OK. I figured out what I think I need:
    2 digital optical(1 for PM one for Xbox 360)
    Dolby Digital 5.1 capable
    Component is not an issue
    No dvd player unless is already has one

    And does speaker size really make a diff? On the Denon we have all the speakers are just under 1 foot tall. Now I see speakers that are only a couple inches. This could be a make or break for me in terms of buying. And is there and converter from digital coaxial to optical? Because if the reciever were to only have 1 optical and 1 coaxial then I would need a converter.
     
  20. prostuff1 macrumors 65816

    prostuff1

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    #20
    Here is a whole setup in a box. This one looks like it has 2 digital optical inputs like you need.

    My dad recently bought this system but it does not have the two optical inputs that you want.

    If you jsut want a reciever here is one that has what you need and it looks like it leaves you room to upgrade.

    The system we got while not great serves its purpose very well. The HD satellite reciever connects to the digital optical audio and the DVD connects using the coaxial so everything gets used on our system. I have not turned it up all the way yet (the parents would holler and screem :rolleyes: ) but while they are at work tomorrow i can test it out. :D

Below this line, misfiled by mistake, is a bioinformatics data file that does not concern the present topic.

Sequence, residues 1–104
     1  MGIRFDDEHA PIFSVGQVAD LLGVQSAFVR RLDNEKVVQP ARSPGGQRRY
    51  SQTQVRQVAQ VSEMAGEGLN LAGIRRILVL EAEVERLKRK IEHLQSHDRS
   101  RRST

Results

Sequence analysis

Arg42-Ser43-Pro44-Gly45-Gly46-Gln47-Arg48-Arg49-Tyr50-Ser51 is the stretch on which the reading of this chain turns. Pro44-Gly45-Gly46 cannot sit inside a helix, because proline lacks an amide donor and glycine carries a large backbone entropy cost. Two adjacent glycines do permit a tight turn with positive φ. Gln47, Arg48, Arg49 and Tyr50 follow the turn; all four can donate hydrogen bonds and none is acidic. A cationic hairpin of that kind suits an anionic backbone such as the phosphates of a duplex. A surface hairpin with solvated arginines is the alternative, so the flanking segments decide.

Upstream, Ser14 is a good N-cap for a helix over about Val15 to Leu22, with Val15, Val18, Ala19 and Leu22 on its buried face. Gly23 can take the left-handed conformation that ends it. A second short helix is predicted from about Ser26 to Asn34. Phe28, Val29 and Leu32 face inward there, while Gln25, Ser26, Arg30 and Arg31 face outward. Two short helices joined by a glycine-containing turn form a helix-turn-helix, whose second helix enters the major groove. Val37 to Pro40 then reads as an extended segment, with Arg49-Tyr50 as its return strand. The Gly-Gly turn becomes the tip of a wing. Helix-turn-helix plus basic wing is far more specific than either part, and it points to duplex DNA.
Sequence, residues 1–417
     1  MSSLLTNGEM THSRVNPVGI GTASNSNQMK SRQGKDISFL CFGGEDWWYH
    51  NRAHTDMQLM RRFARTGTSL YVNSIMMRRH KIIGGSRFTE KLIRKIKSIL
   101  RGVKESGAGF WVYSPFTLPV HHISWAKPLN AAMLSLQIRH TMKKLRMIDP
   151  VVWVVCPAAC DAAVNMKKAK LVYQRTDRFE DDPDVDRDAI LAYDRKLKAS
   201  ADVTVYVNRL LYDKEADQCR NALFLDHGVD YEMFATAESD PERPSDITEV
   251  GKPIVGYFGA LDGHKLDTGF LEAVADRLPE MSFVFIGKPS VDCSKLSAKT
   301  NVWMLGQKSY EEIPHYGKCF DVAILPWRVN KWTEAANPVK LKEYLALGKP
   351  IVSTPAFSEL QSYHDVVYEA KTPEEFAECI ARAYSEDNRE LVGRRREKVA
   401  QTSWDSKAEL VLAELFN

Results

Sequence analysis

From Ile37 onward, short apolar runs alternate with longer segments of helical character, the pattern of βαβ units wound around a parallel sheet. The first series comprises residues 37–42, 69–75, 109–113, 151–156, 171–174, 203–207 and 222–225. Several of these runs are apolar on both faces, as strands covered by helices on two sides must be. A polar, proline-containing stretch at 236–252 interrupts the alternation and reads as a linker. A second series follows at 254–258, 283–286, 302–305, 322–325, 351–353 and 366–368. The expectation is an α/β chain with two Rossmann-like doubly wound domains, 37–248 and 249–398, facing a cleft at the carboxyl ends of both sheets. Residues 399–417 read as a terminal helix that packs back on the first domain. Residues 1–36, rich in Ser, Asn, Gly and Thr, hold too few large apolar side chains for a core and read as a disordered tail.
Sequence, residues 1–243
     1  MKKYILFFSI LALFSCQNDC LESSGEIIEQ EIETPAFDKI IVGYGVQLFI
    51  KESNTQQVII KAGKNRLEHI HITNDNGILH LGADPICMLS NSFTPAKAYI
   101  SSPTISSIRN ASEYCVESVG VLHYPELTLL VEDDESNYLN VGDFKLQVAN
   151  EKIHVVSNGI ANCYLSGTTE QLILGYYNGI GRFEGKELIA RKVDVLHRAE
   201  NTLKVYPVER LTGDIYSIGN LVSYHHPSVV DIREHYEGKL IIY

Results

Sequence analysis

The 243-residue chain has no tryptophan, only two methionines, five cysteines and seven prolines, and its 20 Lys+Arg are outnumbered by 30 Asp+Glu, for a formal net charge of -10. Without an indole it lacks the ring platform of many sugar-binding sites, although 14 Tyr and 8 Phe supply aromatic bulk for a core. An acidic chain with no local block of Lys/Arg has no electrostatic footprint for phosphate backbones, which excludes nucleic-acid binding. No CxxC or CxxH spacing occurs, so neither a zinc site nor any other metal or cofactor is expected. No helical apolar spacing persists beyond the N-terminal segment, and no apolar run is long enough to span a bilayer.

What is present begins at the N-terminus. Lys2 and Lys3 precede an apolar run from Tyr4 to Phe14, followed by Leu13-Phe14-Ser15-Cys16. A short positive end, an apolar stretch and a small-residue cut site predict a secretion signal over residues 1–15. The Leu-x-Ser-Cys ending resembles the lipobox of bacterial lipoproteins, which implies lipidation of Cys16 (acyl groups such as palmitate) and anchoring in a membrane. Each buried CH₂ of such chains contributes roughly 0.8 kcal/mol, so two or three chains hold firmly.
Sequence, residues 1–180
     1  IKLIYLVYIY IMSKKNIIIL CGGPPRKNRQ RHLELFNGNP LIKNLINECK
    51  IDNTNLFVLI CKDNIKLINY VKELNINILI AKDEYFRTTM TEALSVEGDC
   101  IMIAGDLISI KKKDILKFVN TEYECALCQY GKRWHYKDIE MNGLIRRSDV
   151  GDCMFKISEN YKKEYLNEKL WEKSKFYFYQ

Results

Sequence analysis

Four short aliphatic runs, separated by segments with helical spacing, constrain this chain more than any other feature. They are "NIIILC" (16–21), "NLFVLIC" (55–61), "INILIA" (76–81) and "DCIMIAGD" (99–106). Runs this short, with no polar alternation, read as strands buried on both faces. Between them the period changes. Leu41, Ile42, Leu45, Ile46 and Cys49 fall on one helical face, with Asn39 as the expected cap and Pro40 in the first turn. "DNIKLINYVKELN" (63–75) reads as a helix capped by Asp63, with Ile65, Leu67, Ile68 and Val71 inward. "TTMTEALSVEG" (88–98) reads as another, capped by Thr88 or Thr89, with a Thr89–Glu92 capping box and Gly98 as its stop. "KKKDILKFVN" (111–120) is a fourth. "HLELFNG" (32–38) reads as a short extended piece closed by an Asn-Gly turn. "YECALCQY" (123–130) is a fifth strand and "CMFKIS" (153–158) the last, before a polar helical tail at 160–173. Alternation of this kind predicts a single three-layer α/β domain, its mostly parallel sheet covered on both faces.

21. Greenjeens macrumors regular

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    #21
    The YAMAHA HTR5830 sounds like a winner with 2 optical inputs for $199. I paid around $500 for mine a few years ago, but it was the upper end model. HT is Yamaha's consumer line.

    I always check the back of the receiver for conections before buying. Yamaha has made some terrible remotes in the past, so it's worth checking out first IMO.